I think it always shows when a writer invests years of his or her time in developing a world.
From Poland, read Stanislaw Lem - very philosophical. From Russia, the Strugatskiy Brothers.
See the movie Stalker adapted from the Strugatskiy Brothers' story by fames Russian director Tarkovsky.

posted on Jun, 18 2011 @ 07:27 PM
I recomend this book.

I don't read much, but this was an essential read for anyone who comes to this site, for whatever reason.
I hope you have/or you will, enjoy it.

posted on Jun, 18 2011 @ 08:32 PM
Introduction to Buddhism by Geshe Kelsang Gyatso

posted on Jun, 18 2011 @ 08:46 PM
'The Secret Supper' by Javier Sierra.
It's a fictional thriller novel which involves Leonardo da Vinci's 'The Last Supper', but which an very intriguing twist on the real message hidden within...the Real da Vinci code?

posted on Jun, 18 2011 @ 09:53 PM
Thinking Cap's suggestion for the Ishmael books is one I'd recommend.
Daniel Quinn's books can change your perceptions a bit and you may see things in a different way.

posted on Jun, 18 2011 @ 09:55 PM
Have you read any of Robert Anton Wilson's books? A fave author of many. His "Schroderger's Cat" is a good place to start, but actually the common one-volume edition is quite a bit different than the paperback originals, but is still a great read.

posted on Jun, 19 2011 @ 08:31 AM

Originally posted by Aleister
Have you read any of Robert Anton Wilson's books? A fave author of many. His "Schroderger's Cat" is a good place to start, but actually the common one-volume edition is quite a bit different than the paperback originals, but is still a great read.

Yes! I always thought he was by far one of the 'most evolved' authors in the world, in terms of understanding the psychology behind the 'occult' and for the first time in my life, after reading his stuff for the second time (I tried when I was a bit too young the first time), I felt that I was not the only person out there who thought 'a bit weirdly' shall we say. I loved the trilogy, and I have his Prometheus Rising, but I am a student, so I often don't read non-fiction on my breaks. That may sound lazy, but I was always a hard-core escapist reader, so I save my non-fiction for school, because sadly I can only take so much.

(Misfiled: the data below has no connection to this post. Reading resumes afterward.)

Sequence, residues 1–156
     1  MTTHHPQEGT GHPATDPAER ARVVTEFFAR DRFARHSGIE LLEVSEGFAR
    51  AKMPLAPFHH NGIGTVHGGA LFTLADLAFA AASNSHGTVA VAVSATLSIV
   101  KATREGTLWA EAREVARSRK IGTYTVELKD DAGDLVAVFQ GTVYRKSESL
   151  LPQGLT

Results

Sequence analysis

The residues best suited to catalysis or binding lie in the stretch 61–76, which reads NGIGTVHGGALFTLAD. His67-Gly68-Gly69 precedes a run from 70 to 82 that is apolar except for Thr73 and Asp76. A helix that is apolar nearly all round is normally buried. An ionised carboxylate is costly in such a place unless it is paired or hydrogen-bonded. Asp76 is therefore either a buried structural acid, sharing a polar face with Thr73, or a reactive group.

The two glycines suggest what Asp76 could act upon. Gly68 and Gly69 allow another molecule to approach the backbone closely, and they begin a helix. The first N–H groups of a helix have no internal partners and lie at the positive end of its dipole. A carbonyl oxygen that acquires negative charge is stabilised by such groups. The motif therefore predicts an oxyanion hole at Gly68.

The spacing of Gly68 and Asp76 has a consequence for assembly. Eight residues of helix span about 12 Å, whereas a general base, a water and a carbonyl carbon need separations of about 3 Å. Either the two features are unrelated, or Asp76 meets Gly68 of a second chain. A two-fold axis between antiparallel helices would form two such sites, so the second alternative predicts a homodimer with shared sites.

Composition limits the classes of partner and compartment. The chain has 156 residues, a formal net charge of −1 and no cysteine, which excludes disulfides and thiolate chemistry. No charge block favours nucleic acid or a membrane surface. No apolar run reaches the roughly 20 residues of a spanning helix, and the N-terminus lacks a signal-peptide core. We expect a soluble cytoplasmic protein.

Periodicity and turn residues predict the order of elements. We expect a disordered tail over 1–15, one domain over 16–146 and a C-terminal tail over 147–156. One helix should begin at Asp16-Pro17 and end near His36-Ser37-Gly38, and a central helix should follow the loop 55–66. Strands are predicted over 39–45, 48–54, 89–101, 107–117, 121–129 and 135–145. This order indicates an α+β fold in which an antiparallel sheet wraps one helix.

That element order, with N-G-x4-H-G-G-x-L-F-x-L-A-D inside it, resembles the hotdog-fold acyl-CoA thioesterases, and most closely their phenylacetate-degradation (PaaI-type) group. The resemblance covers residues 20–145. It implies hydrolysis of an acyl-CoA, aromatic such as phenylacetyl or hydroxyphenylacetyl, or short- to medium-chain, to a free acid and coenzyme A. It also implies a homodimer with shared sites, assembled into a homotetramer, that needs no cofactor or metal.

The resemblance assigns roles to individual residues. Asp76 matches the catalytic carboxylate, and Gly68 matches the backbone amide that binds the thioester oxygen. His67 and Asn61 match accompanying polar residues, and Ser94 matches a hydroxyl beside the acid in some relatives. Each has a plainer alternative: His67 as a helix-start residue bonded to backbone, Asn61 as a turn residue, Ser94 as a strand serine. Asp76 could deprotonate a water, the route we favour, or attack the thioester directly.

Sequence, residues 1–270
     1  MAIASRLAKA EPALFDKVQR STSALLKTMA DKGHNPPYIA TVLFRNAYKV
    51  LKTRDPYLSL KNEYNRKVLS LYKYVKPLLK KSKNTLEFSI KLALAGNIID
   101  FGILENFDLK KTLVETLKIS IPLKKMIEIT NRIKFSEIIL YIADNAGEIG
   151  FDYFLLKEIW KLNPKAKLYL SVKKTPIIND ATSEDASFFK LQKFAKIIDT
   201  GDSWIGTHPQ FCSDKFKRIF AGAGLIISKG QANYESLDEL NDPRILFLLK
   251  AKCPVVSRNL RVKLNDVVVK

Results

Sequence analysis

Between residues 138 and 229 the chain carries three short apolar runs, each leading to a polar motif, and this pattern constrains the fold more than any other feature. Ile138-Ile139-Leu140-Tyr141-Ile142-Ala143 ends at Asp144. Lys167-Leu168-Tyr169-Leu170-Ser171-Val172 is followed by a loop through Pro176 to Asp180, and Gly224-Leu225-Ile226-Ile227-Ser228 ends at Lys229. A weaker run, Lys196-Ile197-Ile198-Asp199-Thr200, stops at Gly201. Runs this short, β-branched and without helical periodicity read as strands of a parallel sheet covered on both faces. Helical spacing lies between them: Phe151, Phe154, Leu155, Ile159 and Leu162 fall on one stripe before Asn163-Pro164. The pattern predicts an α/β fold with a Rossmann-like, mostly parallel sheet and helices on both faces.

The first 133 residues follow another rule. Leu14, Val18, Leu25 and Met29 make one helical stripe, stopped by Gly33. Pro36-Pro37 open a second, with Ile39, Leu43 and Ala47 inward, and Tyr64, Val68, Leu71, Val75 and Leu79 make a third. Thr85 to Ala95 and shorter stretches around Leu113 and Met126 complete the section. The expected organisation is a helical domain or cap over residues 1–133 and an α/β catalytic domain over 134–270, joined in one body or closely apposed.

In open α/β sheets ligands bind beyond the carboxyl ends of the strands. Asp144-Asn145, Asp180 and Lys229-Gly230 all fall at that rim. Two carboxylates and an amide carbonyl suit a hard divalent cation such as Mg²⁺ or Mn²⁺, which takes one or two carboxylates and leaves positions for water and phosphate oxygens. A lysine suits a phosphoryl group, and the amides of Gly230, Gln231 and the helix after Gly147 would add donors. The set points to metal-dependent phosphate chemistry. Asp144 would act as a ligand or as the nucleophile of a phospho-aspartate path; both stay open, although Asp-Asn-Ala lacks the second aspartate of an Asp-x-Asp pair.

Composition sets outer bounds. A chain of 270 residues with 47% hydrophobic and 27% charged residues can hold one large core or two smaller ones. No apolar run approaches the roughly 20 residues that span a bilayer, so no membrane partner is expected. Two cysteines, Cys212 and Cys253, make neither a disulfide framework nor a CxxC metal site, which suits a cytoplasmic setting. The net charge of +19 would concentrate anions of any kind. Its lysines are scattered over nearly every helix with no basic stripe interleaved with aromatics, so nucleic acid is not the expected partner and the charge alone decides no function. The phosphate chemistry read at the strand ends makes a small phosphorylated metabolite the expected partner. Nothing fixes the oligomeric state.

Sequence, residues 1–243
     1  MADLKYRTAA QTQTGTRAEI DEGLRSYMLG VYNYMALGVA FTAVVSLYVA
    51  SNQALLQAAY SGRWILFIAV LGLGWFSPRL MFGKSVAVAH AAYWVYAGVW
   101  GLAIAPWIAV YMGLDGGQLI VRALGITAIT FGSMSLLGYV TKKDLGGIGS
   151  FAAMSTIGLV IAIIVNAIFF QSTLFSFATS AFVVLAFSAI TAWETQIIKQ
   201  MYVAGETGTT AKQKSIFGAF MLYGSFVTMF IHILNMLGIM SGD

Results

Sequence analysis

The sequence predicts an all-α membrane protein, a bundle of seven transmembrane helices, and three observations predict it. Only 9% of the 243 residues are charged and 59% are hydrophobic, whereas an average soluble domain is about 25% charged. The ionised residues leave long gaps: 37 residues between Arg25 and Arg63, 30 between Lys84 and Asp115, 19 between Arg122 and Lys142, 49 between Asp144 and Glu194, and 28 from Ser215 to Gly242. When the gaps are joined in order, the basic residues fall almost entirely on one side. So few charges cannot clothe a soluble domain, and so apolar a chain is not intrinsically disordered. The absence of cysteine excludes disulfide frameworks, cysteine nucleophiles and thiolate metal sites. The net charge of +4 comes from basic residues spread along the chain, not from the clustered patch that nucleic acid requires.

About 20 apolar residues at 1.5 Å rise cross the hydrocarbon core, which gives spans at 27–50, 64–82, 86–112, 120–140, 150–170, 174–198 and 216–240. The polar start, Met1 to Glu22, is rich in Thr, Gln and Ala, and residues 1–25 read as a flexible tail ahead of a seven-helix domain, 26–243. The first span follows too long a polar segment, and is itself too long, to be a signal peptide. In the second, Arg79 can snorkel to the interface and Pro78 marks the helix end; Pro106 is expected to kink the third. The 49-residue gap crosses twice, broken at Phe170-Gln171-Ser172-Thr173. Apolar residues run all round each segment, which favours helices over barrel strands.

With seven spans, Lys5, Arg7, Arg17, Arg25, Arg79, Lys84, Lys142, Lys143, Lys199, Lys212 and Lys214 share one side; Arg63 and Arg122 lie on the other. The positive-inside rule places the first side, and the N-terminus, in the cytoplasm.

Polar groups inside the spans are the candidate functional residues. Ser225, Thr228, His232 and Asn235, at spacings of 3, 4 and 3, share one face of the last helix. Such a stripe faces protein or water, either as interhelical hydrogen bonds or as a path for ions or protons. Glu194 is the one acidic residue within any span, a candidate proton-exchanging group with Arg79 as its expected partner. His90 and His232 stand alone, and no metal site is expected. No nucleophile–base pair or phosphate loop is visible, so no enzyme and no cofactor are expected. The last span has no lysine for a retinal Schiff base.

And thank you so much to all the other replies. I was surprised by the good will in sharing all these good books titles! I've read almost the majority of them, which just makes me think that great minds think alike! ANd the ones I haven't read will all be looked up on AMazon and maybe ordered, if I can find a cheap copy! Lang lebe der Sommer-Break! (Yes, my German is that bad! Maybe Sommerurlaub would be better?))

posted on Jun, 23 2011 @ 05:03 PM
reply to post by AlphaBetaGammaX

If you liked Colin Wilson, you will surely like "War in Heaven" by Kyle Griffith.
I am in correspondence with him and this is probably the greatest non-fiction book I ever read.
Online by chapters:

posted on Jun, 25 2011 @ 04:23 PM
Fiction is for people who don't have there own imagination.
The Power Elite-C.Wright Mills
Superclass-David Rothkopf
Family of Secrets-Russ Baker
The Hoax of the Twentieth Century-Arthur Butz
The Road to 9/11-Peter Dale Scott
The Clash of Civilizations and the Remaking of World Order-Samuel Huntington
The Last Days of Democracy-Cohen and Fraser
Bringing Intelligence About-Joint Military Intelligence College
I can recommend many more. The more non fiction you read the better off you will be able to write fiction.

posted on Jun, 25 2011 @ 04:29 PM
this wont be the first time.... and i am sure it wont be the last.... that i recommend

Ender's Game - by Orson Scott Card


posted on Jun, 26 2011 @ 02:00 AM
One of my favourite books I'd recommend to anyone, Pillars of the Earth, Ken Follet. Maybe not what you're looking for but worth a look.

It was made into a TV mini-series also.
edit on 6/26/2011 by ANOK because: (no reason given)